As gamers, we've been graced with a slew of tense, terrifying and specular FPS levels, and we'll be covering ten of our favourite next Tuesday. However, I remember none quite so fondly as Goldeneye's 'Facility'. It's not just that its James Bond, in pixellated Pierce Brosnan form, or that it came courtesy of the once-loved Rare Studios. It is, quite simply, a fantastic example of level design, gameplay variation and even storytelling.
So what better way to kick off our new weekly feature than reminiscing on just Why We Love... Goldeneye's Facility!
Bond. James, Bond
'Facility' begins just as the film did, albeit skewed towards a videogames' unique demands. Bond is crawling through the air-vents of a Soviet chemical weapons facility, silenced PP7 in tow. At discreet intervals, you can glimpse a few plastic-faced Soviet soldiers in the stalls below, dealing with more personal matters. 'Facility' is great because you truly feel like a secret agent, firing suppressed rounds through cubicle doors before a dead soldier slumps out, thankfully with trousers intact. You can even find a soldier standing at a urinal. Surprising him is rather fun.
We should draw attention to the fantastic sound of 'Facility', too, whether its the classic Bond orchestra, subtle to begin with, before gaining pace in later, more tense situations, and the overall ambiance, the pew-pew of the silenced PP7, the rattle of an enemy AK and the deafening boom of a grenade or exploding red barrel. It's basic by modern standards, but even now it has a charm and wonder all its own.
In 'Facility', you'll find not just soldiers with digestive problems, but Soviet scientists, too. If you become a little too trigger-happy with these egg-heads, you fail the level. Which is a pity. However, a number of these scientists wish to help Bond. One gives you a black keypad, which can decode a lock on certain doors to help you find Dr Doak. Now Doak is something of an easter-egg, named after former Rare studio chief, David Doak, who went on to found Radical Entertainment, creators of Time Splitters.
Finding Doak isn't a game-changing revelation, but its a testament to the way Rare once designed, scattering nuggets of comedy and quirk all across their well-designed playpens. As I mentioned, slaughtering the scientists results in a fail, but it is amazingly fun to run around their labs, shattering their spines with Bond's trademark karate-chop!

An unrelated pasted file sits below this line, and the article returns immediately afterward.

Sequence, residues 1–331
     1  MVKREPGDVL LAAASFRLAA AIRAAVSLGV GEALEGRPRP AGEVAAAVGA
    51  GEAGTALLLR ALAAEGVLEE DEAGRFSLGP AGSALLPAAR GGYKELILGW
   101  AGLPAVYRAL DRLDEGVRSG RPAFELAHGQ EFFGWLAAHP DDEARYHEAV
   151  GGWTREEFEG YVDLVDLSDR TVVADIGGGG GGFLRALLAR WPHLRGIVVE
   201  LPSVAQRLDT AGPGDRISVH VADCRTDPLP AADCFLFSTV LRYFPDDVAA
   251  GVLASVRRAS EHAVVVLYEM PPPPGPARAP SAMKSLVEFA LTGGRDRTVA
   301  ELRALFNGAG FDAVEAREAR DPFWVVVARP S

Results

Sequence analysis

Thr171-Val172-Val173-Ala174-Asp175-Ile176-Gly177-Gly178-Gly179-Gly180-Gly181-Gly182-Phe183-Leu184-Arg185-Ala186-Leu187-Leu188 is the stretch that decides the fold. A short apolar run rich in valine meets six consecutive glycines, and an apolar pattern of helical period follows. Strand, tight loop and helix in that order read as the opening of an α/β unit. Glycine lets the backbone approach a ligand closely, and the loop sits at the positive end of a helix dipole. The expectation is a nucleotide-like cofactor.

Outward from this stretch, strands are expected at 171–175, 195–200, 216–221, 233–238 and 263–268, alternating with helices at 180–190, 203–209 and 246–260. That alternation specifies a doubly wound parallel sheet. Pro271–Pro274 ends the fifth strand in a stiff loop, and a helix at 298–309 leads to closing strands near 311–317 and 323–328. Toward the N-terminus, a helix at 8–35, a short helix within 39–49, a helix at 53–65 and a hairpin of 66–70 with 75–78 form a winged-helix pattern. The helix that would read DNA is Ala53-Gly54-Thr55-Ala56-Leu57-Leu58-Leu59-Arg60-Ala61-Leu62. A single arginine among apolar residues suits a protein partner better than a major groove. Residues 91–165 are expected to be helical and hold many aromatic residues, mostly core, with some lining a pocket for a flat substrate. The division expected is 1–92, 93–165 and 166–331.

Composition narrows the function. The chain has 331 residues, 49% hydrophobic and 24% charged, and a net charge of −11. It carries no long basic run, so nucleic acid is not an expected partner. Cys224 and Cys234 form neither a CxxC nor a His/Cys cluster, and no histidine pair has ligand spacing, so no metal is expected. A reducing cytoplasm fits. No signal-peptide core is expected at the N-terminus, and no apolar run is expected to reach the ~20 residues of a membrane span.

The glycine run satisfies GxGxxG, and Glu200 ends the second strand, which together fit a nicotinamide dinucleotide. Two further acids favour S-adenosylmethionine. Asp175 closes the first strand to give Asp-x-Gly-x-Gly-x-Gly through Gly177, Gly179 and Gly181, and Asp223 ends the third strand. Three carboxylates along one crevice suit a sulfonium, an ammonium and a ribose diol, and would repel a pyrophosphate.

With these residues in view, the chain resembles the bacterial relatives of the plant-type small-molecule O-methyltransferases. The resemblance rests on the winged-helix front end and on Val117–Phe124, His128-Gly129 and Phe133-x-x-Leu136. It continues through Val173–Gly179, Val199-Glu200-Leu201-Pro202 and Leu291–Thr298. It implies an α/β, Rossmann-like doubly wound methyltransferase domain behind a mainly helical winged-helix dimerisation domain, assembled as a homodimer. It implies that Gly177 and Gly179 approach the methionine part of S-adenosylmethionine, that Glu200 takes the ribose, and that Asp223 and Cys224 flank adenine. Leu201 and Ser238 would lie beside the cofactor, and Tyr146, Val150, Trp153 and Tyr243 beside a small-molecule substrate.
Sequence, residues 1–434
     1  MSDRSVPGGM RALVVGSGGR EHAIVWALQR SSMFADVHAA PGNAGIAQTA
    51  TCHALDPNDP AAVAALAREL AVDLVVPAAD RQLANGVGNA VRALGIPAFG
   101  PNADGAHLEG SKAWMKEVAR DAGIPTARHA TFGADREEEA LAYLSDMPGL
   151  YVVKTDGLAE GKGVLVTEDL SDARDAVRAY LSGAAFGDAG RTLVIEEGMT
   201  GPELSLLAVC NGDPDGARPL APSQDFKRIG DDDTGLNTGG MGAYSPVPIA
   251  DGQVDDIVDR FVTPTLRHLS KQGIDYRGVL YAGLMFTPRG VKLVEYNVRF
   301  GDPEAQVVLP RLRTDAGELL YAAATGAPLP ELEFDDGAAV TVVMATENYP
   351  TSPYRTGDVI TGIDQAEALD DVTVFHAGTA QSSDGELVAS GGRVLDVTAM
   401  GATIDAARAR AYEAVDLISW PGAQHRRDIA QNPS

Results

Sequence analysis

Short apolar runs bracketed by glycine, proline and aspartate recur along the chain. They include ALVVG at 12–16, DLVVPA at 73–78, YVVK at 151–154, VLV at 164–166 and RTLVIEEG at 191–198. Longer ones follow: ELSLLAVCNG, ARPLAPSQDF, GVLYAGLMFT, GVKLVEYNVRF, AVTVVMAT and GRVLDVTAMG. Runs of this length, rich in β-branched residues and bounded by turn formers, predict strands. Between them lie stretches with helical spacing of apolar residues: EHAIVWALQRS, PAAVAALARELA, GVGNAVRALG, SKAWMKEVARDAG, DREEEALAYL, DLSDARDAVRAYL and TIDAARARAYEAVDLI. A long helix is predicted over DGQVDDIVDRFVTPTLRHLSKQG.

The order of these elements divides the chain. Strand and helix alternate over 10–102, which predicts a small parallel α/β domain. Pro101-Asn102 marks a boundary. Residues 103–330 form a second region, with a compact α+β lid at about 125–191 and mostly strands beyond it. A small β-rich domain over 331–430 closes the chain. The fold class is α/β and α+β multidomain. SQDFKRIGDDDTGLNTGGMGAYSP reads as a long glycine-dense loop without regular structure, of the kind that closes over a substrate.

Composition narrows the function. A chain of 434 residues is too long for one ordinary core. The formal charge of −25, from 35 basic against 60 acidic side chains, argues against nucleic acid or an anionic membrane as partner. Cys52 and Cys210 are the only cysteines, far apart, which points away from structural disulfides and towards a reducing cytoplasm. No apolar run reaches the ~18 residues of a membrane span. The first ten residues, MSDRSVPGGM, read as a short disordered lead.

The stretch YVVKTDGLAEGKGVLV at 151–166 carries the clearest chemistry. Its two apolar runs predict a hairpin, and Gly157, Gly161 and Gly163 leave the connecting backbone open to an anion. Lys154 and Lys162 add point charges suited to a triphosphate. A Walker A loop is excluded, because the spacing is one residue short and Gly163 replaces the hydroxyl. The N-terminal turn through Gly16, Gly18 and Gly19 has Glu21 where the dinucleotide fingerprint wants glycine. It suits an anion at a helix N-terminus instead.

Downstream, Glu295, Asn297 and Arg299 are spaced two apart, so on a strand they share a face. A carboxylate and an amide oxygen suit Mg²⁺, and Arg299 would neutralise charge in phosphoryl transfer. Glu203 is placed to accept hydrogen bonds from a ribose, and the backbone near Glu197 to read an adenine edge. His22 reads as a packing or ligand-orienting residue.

One Does Not Simply Walk Into 006
At the end of 'Facility', just like the film, you rendezvous Alec Trevelyan, 006, who, as you must know, seemingly dies, only to rise from the grave for betrayal. Goldeneye's 006 is sporting the pixellated visage of Sean Bean, yet another testament to its greatness. 'Facility's finale involves Bond and Trevelyan meeting in a cavernous room, housing ten gas-tanks you must sabotage.
However, you have only five remote mines, so it requires careful placing of the mines, and then sudden detonation when General Ourumov arrives with a Soviet platoon. Then, it's a simple matter of hightailing it to the conveyor-belt to be whisked away, as the bullets fly and 006 ostensibly falls to Ourumov and his men.
'Facility' is a fantastic level, from top to bottom. I haven't played the recent Goldeneye remake on the Wii, but I hear its a surprisingly well-done conversion, not so much a like-for-like translation but a new take on an existing template. The inclusion of Daniel Craig does bug me a bit. Brosnan wasn't the best, but we can't deny we loved him in Goldeneye, both the film and the game. His puckered, almost pained face in the game is such a great way top open a level as the camera swings down and into his perspective.
What did you love about 'Facility'? Do you remember it as one of your favourite gaming moments as we did? Or does it occupy a less nostalgic place in your heart? As always, leave your feedback in the comments below!